[Hac-announce] Gov. Rubio's Speech last night

Dan Blinn danblinn at gmail.com
Fri Aug 31 10:02:17 EDT 2012

I was really bothered by Governor Rubio's introduction of Mitt Romney last
night.  The following is an excerpt from his speech:

But America was founded on the principle that every person has God-given
rights. That power belongs to the people. That government exists to protect
our rights and serve our interests.That we shouldn't be trapped in the
circumstances of our birth. That we should be free to go as far as our
talents and work can take us.  We are special because we've been united not
by a common race or ethnicity. We're bound together by common values. That
family is the most important institution in society. That almighty God is
the source of all we have.  Special, because we've never made the mistake
of believing that we are so smart that we can rely solely on our leaders or
our government. * **Our national motto is "In God we Trust," reminding us
that faith in our Creator is the most important American value of all.*

While I disagree with most of what he says, it is the last sentence that I
find truly offensive, because Governor Rubio says that because I do not
believe in a creator god, I cannot be a good American.  Below is a letter
that I have submitted to the Hartford Courant (in my own name, not in the
name of any organization).   If anyone feels as I do about this, I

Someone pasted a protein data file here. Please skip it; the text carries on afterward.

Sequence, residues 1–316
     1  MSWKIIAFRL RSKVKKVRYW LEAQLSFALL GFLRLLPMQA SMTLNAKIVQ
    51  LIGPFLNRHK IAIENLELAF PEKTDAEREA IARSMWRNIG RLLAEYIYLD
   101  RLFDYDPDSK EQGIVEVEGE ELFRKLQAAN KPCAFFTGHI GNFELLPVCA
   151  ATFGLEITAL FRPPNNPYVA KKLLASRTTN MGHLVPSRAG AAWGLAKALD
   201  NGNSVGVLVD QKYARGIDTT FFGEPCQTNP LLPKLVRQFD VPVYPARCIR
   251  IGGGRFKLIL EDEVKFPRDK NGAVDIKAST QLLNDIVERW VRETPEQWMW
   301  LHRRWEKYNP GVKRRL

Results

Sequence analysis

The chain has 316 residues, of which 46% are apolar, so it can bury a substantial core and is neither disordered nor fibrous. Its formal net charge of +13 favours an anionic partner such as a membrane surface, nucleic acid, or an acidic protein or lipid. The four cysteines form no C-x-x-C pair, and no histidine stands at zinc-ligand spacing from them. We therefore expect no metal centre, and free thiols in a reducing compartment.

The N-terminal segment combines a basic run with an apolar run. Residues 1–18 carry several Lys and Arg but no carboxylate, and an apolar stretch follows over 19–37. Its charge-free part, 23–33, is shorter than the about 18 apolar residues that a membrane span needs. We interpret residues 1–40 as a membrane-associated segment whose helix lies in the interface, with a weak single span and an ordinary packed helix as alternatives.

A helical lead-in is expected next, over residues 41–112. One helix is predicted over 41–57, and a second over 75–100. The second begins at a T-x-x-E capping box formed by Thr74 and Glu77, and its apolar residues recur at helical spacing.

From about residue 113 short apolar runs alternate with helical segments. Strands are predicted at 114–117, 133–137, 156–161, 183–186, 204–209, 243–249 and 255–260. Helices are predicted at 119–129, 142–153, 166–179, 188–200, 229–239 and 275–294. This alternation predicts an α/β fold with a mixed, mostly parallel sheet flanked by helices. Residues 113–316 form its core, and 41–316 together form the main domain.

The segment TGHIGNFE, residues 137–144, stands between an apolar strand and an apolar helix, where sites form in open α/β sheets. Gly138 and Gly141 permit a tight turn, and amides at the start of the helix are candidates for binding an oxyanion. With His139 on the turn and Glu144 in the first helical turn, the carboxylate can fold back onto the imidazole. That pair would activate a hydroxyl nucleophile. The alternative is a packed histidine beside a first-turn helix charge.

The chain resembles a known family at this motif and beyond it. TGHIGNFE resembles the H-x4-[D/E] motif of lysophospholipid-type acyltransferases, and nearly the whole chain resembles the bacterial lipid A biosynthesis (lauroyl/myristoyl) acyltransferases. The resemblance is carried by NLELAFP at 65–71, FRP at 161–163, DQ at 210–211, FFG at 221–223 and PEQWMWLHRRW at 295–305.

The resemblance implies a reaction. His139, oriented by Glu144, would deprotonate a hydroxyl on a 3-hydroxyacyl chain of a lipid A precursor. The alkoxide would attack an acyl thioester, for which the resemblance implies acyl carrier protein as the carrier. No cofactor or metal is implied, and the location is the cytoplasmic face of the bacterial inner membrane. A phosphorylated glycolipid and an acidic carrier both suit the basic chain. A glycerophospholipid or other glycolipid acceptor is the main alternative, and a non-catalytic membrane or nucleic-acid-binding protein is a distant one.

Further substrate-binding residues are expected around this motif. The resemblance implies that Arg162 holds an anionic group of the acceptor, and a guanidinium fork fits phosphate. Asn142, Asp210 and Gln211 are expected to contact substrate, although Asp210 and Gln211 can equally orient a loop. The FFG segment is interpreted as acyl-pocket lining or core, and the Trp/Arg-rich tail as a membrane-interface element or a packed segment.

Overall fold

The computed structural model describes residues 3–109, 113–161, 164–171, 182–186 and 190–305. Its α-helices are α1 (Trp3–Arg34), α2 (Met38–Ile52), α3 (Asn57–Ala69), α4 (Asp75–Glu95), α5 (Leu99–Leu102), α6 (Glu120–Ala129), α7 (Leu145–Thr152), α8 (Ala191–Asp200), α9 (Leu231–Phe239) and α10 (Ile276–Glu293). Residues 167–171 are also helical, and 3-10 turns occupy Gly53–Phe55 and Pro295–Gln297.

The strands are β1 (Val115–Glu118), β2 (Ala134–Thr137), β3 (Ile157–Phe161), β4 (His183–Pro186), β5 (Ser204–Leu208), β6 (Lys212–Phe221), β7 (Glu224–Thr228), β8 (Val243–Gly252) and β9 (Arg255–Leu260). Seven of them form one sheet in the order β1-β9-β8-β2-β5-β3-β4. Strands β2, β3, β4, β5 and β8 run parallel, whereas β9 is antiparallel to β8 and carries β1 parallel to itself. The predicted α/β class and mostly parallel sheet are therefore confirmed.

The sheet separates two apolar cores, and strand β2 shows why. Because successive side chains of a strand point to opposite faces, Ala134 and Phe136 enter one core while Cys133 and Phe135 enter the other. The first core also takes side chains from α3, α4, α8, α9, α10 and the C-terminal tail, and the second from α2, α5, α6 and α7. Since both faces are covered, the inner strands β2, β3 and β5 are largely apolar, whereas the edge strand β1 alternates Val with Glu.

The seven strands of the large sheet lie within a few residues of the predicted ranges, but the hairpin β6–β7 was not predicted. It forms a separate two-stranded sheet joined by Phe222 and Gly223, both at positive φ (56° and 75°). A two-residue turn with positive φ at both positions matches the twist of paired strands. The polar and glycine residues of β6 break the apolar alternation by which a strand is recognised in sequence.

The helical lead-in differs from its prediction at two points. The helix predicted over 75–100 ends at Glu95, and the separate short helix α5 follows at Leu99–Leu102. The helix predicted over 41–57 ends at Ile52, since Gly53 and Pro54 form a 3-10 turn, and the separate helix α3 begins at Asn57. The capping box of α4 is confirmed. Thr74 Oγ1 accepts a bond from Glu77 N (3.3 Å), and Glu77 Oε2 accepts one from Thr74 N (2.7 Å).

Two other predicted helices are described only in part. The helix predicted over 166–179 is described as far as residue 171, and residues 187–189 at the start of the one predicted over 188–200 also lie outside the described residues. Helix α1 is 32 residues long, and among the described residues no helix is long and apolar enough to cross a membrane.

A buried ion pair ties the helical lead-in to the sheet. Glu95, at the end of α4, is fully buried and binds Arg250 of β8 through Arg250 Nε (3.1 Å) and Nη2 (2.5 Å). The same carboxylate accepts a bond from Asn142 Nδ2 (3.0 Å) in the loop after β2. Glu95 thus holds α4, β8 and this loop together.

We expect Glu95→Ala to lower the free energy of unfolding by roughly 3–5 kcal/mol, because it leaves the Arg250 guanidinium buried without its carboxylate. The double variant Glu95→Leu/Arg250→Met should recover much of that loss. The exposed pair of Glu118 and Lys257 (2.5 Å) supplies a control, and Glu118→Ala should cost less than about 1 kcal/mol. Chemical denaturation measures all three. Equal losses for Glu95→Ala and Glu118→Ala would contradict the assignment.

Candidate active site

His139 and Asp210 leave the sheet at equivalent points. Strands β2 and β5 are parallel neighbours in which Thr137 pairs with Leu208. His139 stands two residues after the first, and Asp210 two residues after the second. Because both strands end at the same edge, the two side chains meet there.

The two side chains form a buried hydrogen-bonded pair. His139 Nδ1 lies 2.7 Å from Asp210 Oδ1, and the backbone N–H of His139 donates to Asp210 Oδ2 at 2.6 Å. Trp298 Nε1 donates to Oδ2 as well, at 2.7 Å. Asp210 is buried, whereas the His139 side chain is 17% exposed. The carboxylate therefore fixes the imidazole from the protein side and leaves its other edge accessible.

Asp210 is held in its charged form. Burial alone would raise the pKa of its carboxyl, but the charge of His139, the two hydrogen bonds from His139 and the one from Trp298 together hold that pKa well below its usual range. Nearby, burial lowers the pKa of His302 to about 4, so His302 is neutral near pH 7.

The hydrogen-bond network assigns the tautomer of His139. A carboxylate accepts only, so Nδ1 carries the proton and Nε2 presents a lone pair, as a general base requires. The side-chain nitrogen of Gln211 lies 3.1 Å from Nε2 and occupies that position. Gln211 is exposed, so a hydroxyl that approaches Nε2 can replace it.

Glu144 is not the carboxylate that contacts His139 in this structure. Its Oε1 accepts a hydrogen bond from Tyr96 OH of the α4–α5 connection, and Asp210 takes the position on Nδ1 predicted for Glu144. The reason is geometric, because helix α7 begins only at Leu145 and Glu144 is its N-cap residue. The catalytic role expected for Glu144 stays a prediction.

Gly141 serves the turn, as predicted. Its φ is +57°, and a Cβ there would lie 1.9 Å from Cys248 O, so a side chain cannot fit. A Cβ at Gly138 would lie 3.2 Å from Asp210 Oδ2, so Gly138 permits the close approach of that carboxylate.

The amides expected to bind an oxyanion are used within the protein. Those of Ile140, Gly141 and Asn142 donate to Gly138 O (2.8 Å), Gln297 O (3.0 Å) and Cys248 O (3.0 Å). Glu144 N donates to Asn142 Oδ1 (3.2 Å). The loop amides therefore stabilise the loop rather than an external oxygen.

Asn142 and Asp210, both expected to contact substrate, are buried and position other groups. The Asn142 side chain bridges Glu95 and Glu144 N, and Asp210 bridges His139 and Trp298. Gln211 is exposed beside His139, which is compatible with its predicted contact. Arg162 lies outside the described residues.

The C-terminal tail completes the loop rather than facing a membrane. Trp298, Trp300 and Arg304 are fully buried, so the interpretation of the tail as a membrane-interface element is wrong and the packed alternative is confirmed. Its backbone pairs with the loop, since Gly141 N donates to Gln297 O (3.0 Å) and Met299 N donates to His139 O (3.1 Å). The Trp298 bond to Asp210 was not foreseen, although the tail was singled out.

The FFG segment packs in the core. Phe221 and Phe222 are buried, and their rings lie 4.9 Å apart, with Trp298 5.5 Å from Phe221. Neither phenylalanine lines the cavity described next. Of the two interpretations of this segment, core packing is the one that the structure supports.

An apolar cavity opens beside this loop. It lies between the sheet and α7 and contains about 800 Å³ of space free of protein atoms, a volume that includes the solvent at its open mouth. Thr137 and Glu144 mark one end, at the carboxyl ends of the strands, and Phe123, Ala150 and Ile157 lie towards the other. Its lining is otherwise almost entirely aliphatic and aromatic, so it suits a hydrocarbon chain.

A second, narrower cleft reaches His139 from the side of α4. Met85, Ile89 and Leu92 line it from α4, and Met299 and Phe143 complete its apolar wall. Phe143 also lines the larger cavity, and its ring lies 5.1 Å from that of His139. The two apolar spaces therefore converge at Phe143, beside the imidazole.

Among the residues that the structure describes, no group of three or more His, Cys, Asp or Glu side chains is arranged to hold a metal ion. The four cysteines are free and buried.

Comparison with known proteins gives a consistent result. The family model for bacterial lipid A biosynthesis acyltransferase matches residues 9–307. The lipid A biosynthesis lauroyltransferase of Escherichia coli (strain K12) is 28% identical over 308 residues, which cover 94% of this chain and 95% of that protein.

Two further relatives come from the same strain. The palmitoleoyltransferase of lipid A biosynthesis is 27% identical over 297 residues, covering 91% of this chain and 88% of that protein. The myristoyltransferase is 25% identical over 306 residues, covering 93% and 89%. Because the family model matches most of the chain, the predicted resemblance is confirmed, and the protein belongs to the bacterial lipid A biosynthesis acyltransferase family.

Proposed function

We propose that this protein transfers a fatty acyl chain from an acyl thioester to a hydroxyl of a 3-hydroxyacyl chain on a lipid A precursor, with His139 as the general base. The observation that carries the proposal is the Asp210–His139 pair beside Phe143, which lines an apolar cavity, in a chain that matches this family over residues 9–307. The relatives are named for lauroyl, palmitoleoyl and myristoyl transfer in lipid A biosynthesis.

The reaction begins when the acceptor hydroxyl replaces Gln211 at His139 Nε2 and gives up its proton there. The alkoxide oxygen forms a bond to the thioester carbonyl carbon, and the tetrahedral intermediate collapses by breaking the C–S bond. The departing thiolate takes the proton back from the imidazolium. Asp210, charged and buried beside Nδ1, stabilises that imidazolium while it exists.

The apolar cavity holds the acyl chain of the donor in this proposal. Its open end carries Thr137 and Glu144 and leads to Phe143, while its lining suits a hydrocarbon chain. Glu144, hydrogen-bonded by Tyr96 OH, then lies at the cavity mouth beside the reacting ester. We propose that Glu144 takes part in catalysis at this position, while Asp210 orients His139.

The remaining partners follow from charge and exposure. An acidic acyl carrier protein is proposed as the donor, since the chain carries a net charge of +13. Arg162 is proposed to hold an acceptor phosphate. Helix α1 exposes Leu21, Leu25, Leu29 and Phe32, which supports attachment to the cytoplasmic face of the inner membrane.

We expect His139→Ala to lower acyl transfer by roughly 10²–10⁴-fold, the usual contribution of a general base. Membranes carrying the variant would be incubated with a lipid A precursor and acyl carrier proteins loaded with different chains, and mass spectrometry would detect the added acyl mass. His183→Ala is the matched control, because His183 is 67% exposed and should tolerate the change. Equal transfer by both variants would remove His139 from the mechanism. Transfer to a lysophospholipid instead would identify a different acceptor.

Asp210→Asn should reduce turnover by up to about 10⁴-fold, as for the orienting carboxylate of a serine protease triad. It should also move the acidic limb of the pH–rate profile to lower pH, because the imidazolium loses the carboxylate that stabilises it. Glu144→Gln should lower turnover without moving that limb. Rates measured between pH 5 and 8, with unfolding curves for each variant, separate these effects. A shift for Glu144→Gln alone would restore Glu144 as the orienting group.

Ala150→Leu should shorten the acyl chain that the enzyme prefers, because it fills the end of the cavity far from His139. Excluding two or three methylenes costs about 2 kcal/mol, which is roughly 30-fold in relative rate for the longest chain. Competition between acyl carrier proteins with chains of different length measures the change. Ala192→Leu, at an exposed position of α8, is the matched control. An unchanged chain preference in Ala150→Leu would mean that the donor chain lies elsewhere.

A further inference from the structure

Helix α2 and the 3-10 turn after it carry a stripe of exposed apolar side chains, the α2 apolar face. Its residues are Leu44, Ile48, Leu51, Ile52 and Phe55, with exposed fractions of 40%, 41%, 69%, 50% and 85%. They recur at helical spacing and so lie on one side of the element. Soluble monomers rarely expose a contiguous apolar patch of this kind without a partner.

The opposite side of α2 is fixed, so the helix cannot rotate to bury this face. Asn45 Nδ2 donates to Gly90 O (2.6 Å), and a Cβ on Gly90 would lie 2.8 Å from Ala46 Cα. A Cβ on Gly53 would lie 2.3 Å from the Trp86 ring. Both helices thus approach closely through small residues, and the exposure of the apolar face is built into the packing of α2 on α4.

encourage you to submit your own letter to your own local paper, and please
let me know if you do.  I'm happy to review drafts and make suggestions to
anyone who needs help. Please do not copy (or borrow too liberally) from my
letter, because it is the Courant's policy to not accept letters that are
submitted to multiple publications, and I do not want to jeopardize  my
ability to be published there in the future.

Text of letter:

*In introducing Republican nominee Mitt Romney, Florida Governor Marco
Rubio said, “faith in our Creator is the most important American value of
all.”  A recent Pew Center poll showed that 19% of Americans have no
religious beliefs. That means that nearly 60 million Americans, in Governor
Rubio’s view, lack the primary American value and, implicitly, cannot be
good Americans.  Yet, many of these millions of nonreligious millions serve
in our military, teach our children, coach youth sports, and volunteer in
our communities.  Governor Rubio’s comment was divisive, hateful, and
contrary to the First Amendment right bestowed upon all Americans to
worship as they please, or not to worship at all.  *

Dan Blinn

860 324-3533
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